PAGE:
Monday, December 10, 2012

The Antisocial Baker

Now and again someone pokes their head in the kitchen door at the bakery and just watches what we’re doing. Sometimes these people are just curious about what happens in a bakery – but often I can tell straight away it’s an old time baker checking out what we do with trained interest. 

This happened again last week, and it inspired me to share with you some of the reasons behind what I am trying to do. This bakery, apart from being committed to making awesome artisan bread,  is all about solving problems - from half a lifetime running bakeries, I have seen and experienced quite a few.

One of the things is I am trying to create here at SourdoughBaker Cafe is a sustainable workplace for bakers themselves. Too many bakers are lost to the industry because of the enormous toll that being a baker takes.

Bakers work awful hours – starting in the middle of the night, often never seeing the sunshine. They gradually become sleep deprived as result of attempting to maintain some connection with their family and friends. Often, they become isolated from the rest of us who maintain normal hours. 

I have seen families (and bakers) gradually break down far too many times. I'm sure this occurs with any occupation which is primarily a night time one - but in the case of bakeries, there is no great financial reward for the bakers in doing these hellish hours, and in the main, there are workable alternatives to the midnight start. It's just that very few bakeries have tried to change the status quo.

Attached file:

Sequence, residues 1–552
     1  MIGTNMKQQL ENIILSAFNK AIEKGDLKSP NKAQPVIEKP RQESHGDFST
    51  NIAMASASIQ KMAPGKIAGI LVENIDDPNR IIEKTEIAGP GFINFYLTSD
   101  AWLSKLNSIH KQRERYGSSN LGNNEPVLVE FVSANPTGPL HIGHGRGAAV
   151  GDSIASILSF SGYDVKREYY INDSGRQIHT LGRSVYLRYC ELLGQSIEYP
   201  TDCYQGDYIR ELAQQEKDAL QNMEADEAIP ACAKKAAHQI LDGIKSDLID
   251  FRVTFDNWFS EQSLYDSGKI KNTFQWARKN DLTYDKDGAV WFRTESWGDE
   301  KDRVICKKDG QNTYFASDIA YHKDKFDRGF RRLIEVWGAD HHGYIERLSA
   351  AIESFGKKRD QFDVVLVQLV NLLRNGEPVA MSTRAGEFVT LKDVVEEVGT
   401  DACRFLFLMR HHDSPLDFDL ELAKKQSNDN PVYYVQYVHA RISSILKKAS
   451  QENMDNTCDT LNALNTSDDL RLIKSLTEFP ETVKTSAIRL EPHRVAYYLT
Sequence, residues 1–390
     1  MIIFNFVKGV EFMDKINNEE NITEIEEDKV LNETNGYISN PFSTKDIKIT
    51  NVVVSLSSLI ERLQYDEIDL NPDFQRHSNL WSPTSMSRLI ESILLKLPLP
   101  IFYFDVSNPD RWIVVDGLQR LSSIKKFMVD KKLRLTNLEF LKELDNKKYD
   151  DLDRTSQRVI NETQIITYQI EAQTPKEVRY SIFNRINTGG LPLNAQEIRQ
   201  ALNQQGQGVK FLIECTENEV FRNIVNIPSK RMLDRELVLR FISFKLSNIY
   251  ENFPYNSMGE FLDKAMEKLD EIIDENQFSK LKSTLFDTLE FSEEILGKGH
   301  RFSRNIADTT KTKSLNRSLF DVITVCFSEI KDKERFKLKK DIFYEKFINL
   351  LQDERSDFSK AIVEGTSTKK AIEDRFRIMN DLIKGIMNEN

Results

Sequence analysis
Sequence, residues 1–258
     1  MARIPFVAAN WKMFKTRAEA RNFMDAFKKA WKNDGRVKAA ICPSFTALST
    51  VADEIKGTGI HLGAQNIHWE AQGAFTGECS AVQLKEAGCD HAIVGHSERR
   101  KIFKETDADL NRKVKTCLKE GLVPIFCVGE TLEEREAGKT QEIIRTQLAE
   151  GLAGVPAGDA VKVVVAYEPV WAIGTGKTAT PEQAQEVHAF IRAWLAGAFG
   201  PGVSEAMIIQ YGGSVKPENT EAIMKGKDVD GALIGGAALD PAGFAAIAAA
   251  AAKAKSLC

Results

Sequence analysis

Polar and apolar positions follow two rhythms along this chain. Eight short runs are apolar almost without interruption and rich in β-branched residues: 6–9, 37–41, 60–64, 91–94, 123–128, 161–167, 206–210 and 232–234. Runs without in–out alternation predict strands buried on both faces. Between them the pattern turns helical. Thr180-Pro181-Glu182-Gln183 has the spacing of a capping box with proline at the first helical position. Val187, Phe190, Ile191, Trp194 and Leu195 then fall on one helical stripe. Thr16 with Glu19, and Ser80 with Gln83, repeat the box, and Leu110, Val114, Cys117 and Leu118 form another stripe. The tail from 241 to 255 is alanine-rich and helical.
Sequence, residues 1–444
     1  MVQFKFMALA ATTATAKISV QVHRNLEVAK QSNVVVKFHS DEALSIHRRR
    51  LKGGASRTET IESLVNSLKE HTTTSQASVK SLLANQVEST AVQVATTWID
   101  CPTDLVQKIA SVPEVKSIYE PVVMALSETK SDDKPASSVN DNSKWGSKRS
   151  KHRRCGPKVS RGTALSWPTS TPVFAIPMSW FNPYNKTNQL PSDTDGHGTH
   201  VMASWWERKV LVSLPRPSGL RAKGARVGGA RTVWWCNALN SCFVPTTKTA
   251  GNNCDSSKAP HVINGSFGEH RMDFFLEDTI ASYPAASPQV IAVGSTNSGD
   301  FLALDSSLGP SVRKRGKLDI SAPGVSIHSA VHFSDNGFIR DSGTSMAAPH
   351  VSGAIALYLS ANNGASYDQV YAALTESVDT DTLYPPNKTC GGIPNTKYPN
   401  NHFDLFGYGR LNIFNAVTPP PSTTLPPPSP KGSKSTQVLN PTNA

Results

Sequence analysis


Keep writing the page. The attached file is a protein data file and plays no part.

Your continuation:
One of the reasons you can’t pop in to our bakehouse and pick up a loaf of hot, fresh sourdough at 7 in the morning is that I won’t ask anyone to work completely antisocial hours. 

We start at 6am most days, which means our bakers get to hang with friends and family on a regular basis. We still manage to get fresh bread out of the oven by about 9am. We try to have some late baked bread from the day before reserved for the morning’s toast as well, just in case our customers are in need. If you know our bread well, you will know that it’s perfectly fresh for a full 24 hours after it’s baked, so we have no qualms about providing this each morning while the new batch of delicious sourdough bread comes out of the oven.

Bakers are, in the main, hardworking craftspeople. They have been treated unfairly as a result of a consumer expectation of fresh bread first thing in the morning. While there are quite valid reasons in some cases why a bakery needs to finish their baking by six a.m (for example, wholesale deliveries to cafes and so forth), there are just as many ways to achieve civilised baking hours by utilising existing technology and leveraging what can be done with products, packaging and customer expectation. 

Really, I find it bizarre and a bit last century when I speak to bakers who still have to work the old fashioned ungodly hours.

I agree though - our stance with regard to slightly later product on the shelves does cost our bakery money in lost business. It also makes us just that little bit more sustainable. I hope you agree.

And working in daylight hours means I get to have a chat with passing old time bakers too! 


  1. Well said! And I support this 100%

  2. So brilliant. As a just-starting-out artisan baker/business owner, I am so glad someone else is on the same page as us. :)

  3. Interesting about the bread being fresh for 24 hours - that's what I find with my bread (also sourdough) and what my parents find with their year-risen bread too. And then it quite rapidly turns into day-old bread - still pretty good, but a different animal from fresh bread.

  4. I always think of home baking as social - good hours - great excuse to have visitors